This might seem counterintuitive from a notoriously right wing newspaper editor, but I confess I’m sorry to see Congresswoman Debbie Wasserman Schultz resign from the chairmanship of the Democratic National Committee. She may be several kiloparsecs to my left, but, whatever her faults, she seemed, far more than most of the current crop of Democrats, to have an emotional attachment to Zion. It’s not her fault that she got trapped by the generational dice in the wrong party.
Ms. Wasserman Schultz, from Florida, announced her resignation following the disclosure of an email in which one of her aides suggested outing Senator Bernie Sanders as an atheist. The aide, Brad Marshall, chief financial officer of the DNC, emailed a colleague in respect of Sanders: “Does he believe in a God? He had skated on saying he has a Jewish heritage. I think I read he is an atheist. This could make several points difference with my peeps. My Southern Baptist peeps would draw a big difference between a Jew and an atheist.”
It’s not every day that a political hack manages to offend the Jews, the Southern Baptists, and a leading contender for the Democratic presidential nomination all in a fell swoop. The hapless Marshall followed it with a second email that said: “It’s this Jesus thing.” One of the persons he sent it to, Amy Dacey, chief executive of the DNC, replied in all caps: “AMEN.” The exchange confirmed that Donald Trump’s camarilla has no corner on bigotry, but also that the DNC was not adhering to its responsibility to remain neutral among the Democratic contenders.
It’s going to take weeks to peel away the ironies in all this. On the one hand the events would seem to vindicate Sanders. He has been blaming Wasserman Shultz for the tilt in favor of Hillary Clinton that has been so obvious in the party leadership (one can but guess whether the former secretary of state would have won the nomination hadn’t the process been rigged, as Sanders, echoed by Donald Trump, have been contending). He reacted to Wasserman Schultz’s resignation with condescension.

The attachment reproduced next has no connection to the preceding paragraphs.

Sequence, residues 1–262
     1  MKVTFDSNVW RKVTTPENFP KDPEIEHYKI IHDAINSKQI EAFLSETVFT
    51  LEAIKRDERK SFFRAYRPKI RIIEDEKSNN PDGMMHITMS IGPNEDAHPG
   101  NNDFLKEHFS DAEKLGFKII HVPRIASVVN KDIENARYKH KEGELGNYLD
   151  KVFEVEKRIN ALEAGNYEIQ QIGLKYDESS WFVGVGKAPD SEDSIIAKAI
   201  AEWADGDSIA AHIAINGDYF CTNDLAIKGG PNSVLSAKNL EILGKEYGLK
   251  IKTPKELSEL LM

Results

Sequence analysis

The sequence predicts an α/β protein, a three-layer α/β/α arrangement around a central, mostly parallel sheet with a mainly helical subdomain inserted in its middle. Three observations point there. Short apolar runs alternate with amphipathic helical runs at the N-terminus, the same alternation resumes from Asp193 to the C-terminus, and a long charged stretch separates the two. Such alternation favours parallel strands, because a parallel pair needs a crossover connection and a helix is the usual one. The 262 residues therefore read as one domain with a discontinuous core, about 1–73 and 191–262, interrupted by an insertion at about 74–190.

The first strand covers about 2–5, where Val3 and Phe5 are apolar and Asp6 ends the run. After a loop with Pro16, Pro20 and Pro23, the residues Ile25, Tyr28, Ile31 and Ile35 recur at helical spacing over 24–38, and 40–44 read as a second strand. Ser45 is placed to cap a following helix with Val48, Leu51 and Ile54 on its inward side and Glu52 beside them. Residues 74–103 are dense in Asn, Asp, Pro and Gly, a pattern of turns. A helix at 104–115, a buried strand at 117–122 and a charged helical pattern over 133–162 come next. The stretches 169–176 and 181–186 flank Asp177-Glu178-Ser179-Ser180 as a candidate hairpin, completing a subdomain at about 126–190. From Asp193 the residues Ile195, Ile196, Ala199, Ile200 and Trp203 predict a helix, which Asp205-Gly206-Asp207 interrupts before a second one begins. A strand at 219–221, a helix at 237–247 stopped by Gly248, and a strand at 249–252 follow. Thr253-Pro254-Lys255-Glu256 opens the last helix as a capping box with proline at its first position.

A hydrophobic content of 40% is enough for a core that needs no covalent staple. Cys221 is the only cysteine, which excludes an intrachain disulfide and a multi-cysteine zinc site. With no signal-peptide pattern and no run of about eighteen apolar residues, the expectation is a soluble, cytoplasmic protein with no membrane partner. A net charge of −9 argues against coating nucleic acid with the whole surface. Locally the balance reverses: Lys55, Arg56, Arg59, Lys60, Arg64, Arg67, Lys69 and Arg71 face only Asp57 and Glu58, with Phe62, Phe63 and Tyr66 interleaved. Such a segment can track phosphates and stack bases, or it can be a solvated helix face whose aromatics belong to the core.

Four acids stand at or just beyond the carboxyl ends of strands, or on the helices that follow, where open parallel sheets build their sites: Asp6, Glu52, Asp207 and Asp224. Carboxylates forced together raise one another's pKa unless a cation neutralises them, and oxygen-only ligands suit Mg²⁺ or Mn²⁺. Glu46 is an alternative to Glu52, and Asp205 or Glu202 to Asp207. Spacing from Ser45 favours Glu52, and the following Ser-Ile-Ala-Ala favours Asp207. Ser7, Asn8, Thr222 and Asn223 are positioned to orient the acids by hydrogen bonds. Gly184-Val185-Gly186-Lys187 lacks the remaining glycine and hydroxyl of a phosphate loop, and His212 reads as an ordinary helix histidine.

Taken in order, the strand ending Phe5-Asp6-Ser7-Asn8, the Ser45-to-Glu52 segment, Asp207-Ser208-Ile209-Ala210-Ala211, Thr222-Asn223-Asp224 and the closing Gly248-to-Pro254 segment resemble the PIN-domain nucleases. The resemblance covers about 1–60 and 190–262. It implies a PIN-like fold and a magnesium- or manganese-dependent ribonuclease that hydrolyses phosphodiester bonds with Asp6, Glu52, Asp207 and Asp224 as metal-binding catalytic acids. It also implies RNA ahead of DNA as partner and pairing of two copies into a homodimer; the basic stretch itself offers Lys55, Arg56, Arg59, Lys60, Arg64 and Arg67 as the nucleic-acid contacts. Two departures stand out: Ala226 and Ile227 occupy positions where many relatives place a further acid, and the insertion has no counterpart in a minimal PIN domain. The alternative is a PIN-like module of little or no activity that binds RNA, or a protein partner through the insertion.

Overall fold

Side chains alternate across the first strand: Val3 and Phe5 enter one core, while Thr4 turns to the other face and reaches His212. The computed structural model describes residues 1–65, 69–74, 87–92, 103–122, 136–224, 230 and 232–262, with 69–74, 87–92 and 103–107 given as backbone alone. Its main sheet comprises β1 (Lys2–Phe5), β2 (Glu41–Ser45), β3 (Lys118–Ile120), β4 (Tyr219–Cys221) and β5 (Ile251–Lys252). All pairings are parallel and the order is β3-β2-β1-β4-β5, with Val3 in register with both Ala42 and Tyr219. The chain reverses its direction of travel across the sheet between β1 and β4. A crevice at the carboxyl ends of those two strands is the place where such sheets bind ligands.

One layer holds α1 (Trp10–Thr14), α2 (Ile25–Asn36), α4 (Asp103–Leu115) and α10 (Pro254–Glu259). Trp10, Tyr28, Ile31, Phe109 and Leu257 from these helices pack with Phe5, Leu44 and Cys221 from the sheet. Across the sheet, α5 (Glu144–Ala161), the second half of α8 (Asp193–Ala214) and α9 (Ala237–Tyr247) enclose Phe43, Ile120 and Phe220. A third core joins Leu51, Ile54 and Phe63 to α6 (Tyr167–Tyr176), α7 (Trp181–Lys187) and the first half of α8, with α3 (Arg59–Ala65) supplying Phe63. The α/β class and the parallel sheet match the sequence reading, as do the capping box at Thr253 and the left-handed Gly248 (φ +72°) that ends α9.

“Debbie Wasserman Schultz has made the right decision for the future of the Democratic Party,” the senator said. “While she deserves thanks for her years of service, the party now needs new leadership that will open the doors of the party and welcome in working people and young people.” Translated into what Sanders really means, the statement would read as follows: “Good riddance to Debbie Wasserman Schultz. She doesn’t belong in the Democratic Party any more. It needs new leadership that will open the doors to an anti-Zionist and far-left world-view.”
If that seems like a stretch, feature the fact that Sanders has been making it his business to move the Democratic Party further away than it’s already drifted from its traditional support for the Jewish state. The premeditation of this became evident in May, with disclosure of the names of the five persons Sanders would nominate to the Democratic Party’s platform-writing committee. They included professor Cornel West, Arab American activist James Zogby, and a leftist congressman, Keith Ellison.
It’s not my purpose here to suggest that any of those worthies should be excluded from participation in the writing of a Democratic Party Platform. It is merely to suggest that it is their sponsor who is the victor in the departure of Wasserman Schultz. She herself has had moments of weakness in the broadly defined maneuvering over Israel; after great soul-searching, she supported in the Articles of Appeasement on Iran. But she knew it was an error, weeping on television when Jake Tapper of CNN asked her whether she had “sold out.”
The bottom line is that the ejection of Wasserman Schultz from the party leadership is one more step in the waltz of the Democrats away from Israel. It is one more of clarity that the Republican Party is emerging as the more pro-Israel place. There is no doubt that more American Jews will vote for, in Hillary Clinton, the Democratic nominee than for, in Donald Trump, the Republican. But that is owing to what Norman Podhoretz calls the “Torah of liberalism.” No one would predict that Wasserman Schultz will switch parties, but stranger things have happened.
Seth Lipsky is editor of The New York Sun. He was a foreign editor of The Wall Street Journal, founding editor of The Forward and editor from 1990 to 2000.
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